On June 21, 2016, the US District Court for the District of Wyoming set aside the US Bureau of Land Management’s (BLM) final rule regulating hydraulic fracturing on federal and Native American lands, finding that BLM lacked Congressional authority to promulgate the regulations. “Congress has not delegated to the Department of Interior the authority to regulate hydraulic fracturing,” Judge Skavdahl wrote in the decision. “The BLM’s effort to do so through the fracking rule is in excess of its statutory authority and contrary to law.”
The Court rejected BLM’s assertion that it has “broad authority” to regulate all oil and gas operations on federal and Native American lands pursuant to the Mineral Leasing Act of 1920, the Federal Land Policy and Management Act of 1976, and other public land use and mineral development statutes. The Court then looked to the Energy Policy Act of 2005, which explicitly removed US EPA’s authority to regulate non-diesel hydraulic fracturing under the Safe Drinking Water Act. The Court reasoned that:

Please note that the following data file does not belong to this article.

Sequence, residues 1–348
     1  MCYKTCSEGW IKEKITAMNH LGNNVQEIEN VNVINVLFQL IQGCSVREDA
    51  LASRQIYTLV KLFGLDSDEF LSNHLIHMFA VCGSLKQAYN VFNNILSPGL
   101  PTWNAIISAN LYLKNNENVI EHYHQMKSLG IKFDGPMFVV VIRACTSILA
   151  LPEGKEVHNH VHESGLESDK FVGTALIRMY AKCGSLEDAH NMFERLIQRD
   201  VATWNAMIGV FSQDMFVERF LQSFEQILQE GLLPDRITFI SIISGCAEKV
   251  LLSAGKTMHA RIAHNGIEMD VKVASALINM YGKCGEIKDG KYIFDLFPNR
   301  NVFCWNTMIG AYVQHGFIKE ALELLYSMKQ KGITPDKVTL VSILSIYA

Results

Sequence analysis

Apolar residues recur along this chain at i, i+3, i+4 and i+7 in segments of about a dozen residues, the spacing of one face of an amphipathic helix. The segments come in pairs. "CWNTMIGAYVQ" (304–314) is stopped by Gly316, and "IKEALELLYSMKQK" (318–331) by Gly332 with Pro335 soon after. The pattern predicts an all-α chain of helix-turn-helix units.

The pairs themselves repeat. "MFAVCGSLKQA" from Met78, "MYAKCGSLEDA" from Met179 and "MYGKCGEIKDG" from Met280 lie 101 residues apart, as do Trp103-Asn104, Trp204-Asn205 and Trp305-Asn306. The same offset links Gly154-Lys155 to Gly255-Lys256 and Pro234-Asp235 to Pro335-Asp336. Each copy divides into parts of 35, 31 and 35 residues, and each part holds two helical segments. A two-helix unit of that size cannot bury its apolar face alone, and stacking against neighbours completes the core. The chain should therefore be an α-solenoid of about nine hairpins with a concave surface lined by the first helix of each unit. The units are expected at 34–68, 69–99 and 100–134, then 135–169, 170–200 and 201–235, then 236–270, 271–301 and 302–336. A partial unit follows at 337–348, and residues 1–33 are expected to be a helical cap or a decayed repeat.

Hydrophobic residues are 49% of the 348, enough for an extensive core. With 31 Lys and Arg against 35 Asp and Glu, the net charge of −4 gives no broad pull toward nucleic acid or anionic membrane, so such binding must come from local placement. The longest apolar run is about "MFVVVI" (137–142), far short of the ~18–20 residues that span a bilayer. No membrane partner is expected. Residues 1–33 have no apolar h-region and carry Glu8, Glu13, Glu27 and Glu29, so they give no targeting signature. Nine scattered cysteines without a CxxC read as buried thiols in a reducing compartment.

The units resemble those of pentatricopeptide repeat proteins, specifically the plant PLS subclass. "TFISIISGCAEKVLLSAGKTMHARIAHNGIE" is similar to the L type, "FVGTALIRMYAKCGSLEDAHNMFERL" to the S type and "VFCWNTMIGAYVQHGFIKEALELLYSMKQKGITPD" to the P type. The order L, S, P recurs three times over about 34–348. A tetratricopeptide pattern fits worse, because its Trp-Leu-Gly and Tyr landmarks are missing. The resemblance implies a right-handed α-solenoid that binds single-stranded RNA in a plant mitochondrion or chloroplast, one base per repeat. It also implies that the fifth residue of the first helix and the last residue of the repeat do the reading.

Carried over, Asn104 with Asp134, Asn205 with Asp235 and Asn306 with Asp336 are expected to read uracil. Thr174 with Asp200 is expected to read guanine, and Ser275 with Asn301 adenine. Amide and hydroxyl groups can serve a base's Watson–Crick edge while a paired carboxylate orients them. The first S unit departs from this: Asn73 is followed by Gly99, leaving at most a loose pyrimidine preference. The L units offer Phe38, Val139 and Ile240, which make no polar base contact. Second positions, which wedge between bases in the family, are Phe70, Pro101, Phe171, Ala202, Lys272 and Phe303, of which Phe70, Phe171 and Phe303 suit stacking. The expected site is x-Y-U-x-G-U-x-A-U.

Having explicitly removed the only source of specific federal agency authority over fracking, it defies common sense for the BLM to argue that Congress intended to allow it to regulate the same activity under a general statute that says nothing about hydraulic fracturing.
The Court’s decision blocks the enforcement of BLM’s rule and leaves the regulation of hydraulic fracturing to the individual states. However, the Obama administration has already indicated that it is likely to appeal the decision to the Tenth Circuit Court of Appeals: “We’ll continue to make our case in the courts,” White House spokesman Josh Earnest said at a briefing regarding the Court’s decision. “We believe that we have a strong argument to make about the important role that the federal government can play in ensuring that hydraulic fracturing that’s done on public land doesn’t threaten the drinking water of the people who live in the area.”